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Where to go Fishing in Lake Macquarie

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by Gary Brown (subscribe)
I am a freelance writer and photographer from Sydney who has now had five books published on fishing. I also write for the NSW Fishing Monthly, Visit the Shire, Fisho App & Tackle Tactics. I also like to travel and experience new things to do.
Published October 13th 2020
Bag a feed of fresh fish
Lake Macquarie is situated just south of Newcastle and empties into the Tasman Sea at Swansea. It's Australia's largest coastal saltwater lagoon and covers an approximate area of 110 square kilometres. This lake is about twice as large as Sydney Harbour and anglers have spent a lifetime trying to work out Lake Macquarie, only to find that they need another lifetime to try and work out the places that they missed the first time around.

Not only can you work soft plastics in the deep water you can try using TT Switchblades as well, as they will get you down quicker. Image by Gary Brown.

With this article, I am going to try and give you some information on how to go about using soft plastics, while hopping them down over the edge of sandy drop-offs; working hard bodies beside jetties, pontoons and boats; finally, a few suggested ways of how to use soft plastics in deep water.

Try hopping a soft plastic down the edge of a sandy drop-off. This dusky took a liking to a 2-inch Camo Gulp Shrimp on a 3/8oz jig head. Image by Gary Brown

What I would suggest is that you allocate yourself a long weekend trip and work the southern end on the first weekend away. Then try the southern on another weekend and finally finish off the eastern and western sides of the lake over another weekend. It doesn't have to be in that order but what it will depend on is where the wind is coming from and which boat ramp you are going to use.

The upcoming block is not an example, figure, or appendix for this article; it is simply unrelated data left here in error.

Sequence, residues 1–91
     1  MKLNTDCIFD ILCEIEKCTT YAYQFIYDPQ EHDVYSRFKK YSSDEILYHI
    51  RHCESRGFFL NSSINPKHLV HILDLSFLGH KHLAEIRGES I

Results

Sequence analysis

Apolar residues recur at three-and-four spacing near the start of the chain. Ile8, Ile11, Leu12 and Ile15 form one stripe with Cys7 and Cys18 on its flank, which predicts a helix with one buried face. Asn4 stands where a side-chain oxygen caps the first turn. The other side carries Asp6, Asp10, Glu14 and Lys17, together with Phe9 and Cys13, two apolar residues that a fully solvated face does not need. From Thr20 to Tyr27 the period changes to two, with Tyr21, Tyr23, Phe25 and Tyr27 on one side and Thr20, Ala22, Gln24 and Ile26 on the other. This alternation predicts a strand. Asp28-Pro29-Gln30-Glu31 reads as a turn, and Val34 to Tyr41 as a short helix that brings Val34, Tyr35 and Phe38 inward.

So for this article, I am going to launch in the south at the boat ramp, located in the bottom of Chain Valley Bay off Llyod Avenue Chain Valley Bay. Once here, you will find a small park, covered area, toilets and parking for about 10 rigs.

When launching here, it would be better to launch near the top of the tide, as the single laned ramp goes into a shallow bay. From here, you can travel north through Chain Valley Bay, proper to Black Neds Point, Wyee Bay and Bardens Bay. All of which have shallow weedy edges that drop off into deep bays that range from 5 to 11 metres in depth and a number of rocky headlands and rock bars.

This well-conditioned bream took a liken to a well presented Chubby that was worked close to the edge of a pontoon. Image by Gary Brown

Chain Valley Bay proper is a wide expanse of water that responds well to soft plastic fishing, even though some of the water depth is as deep as 11 metres. If you find that there is very little wind or even none at all, you will need to downsize your jig head to maybe a 1/16th oz. When fishing this light I will usually use my outfit that has 4 pound straight through Platypus FC fluorocarbon. Sure some of the bites may be hard to detect, but if you stay in contact with the jig head and soft plastics, you will find that you can feel the bites.

On the other hand, sometimes the bream will just smash the plastics as it drifts down through the water column. This is where the stretch of the fluorocarbon will help you hook the fish.